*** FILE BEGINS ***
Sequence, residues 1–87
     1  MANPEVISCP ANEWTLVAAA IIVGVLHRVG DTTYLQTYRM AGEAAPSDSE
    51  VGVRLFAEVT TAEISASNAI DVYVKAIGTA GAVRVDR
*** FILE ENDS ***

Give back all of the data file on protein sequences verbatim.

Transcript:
Sequence, residues 1–87
     1  MANPEVISCP ANEWTLVAAA IIVGVLHRVG DTTYLQTYRM AGEAAPSDSE
    51  VGVRLFAEVT TAEISASNAI DVYVKAIGTA GAVRVDR